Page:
Breeding
Reproduction is terrestrial. 
Little is known about the breeding behavior of this species.
Eggs
Typically, Batrachoseps females lay eggs in moist places underground.
Young
Young develop completely in the egg and hatch fully formed.

Geographical Range
Endemic to the central coast of California. Found only in the Santa Lucia Mountains in northwestern San Luis Obispo County and extreme southwestern Monterey County, where the mountains meet the ocean.
Elevational Range
From sea level to near 3,280 ft. (1,000 m.)

Habitat
Inhabits open and closed forests of yellow pine, laurel, sycamore, and oak woodland.

Notes on Taxonomy

Prior to its description in 2001, B. incognitus was recognized as B. pacificus which has been split into ten species based on
molecular studies.

Here's a Diagram of the Batrachoseps Complex showing the relationships between species.


Alternate and Previous Names (Synonyms)

Batrachoseps incognitus - San Simeon Slender Salamander (Jockusch, Yanev, Wake 2001, Stebbins 2003, 2012)
Batrachoseps pacificus - Pacific Slender Salamander (Stebbins 1985)
Batrachoseps attenuatus - California Slender Salamander (Stebbins 1954, 1966)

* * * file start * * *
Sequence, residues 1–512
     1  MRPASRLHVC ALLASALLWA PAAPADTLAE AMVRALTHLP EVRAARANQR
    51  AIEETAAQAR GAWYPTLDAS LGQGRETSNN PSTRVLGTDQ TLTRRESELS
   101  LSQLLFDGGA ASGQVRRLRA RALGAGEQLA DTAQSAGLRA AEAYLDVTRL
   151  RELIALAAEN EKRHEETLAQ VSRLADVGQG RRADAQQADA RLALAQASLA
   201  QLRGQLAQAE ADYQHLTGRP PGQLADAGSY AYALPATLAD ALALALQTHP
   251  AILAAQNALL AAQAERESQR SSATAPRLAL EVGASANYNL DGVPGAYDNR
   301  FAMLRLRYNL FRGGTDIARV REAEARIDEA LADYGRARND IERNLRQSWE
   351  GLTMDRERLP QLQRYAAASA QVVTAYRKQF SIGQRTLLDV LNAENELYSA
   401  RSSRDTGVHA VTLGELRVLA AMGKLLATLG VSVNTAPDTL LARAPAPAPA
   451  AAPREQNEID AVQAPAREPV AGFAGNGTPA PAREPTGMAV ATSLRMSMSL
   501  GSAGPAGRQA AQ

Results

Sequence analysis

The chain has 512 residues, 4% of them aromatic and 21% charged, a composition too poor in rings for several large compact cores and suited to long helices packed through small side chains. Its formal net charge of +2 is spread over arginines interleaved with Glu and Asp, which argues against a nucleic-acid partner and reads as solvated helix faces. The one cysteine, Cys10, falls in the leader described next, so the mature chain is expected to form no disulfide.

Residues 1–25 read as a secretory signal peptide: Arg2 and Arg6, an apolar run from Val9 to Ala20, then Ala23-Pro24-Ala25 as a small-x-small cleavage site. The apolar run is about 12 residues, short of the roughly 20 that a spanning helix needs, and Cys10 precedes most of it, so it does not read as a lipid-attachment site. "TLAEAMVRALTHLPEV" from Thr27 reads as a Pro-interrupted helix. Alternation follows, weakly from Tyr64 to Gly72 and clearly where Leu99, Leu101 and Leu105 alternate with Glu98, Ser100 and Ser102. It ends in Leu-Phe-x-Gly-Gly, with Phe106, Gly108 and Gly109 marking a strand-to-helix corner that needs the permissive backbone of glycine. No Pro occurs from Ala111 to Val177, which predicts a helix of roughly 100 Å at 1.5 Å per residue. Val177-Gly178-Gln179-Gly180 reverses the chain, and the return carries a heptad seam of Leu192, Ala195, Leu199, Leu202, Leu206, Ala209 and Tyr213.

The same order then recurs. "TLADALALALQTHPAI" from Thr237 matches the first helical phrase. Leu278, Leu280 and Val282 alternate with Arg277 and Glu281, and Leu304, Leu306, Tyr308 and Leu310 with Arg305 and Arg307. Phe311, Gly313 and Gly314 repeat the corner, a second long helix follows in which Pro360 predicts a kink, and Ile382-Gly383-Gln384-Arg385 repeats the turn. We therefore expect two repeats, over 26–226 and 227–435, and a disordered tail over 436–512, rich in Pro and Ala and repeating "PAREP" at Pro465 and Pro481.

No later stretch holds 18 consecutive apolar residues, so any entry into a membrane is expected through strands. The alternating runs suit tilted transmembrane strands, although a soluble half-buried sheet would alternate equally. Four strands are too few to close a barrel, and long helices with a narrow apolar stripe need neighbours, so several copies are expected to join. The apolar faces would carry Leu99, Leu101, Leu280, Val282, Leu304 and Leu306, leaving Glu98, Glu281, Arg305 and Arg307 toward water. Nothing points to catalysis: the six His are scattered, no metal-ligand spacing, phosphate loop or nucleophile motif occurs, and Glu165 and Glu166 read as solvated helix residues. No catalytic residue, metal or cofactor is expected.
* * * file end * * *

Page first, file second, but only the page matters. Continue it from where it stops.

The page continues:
Batrachoseps attenuatus attenuatus - Worm-salamander (Bishop 1943)
Batrachoseps attenuatus - Slender Salamander (Storer 1925)
Batrachoseps nigriventris (Cope 1869)
Batrachoseps attenuatus (Cooper 1868)
Batrachoseps attenuata (Baird 1850)
Salamandrina attenuata (Eschscholtz 1833)

Conservation Issues  (Conservation Status)
No significant threats are known to this species, but its small range on mostly private property and its similarity to other species make it difficult to survey and get a clear picture of its status.
Taxonomy
Family Plethodontidae Lungless Salamanders Gray, 1850
Genus Batrachoseps Slender Salamanders Bonaparte, 1841
Species

incognitus San Simeon Slender Salamander Jockusch, Yanev & Wake, 2001
Original Description
Elizabeth L. Jockusch, Kay P. Yanev, and David B. Wake ''Molecular phylogenetic analysis
of slender salamanders, genus Batrachoseps (Amphibia: Plethodontidae), from central coastal
California with descriptions of four new species.'' Herpetological Monographs, #15 2001.

Meaning of the Scientific Name
Batrachoseps: Greek - amphibian, frog lizard - describes lizard-like appearance.
incognitus: Latin - unknown, in reference to the unexpected discovery that these populations constitute a distinct
species, and to its small geographic range.

from Scientific and Common Names of the Reptiles and Amphibians of North America - Explained © Ellin Beltz

Similar Neighboring Salamanders
Batrachoseps nigriventris
Batrachoseps minor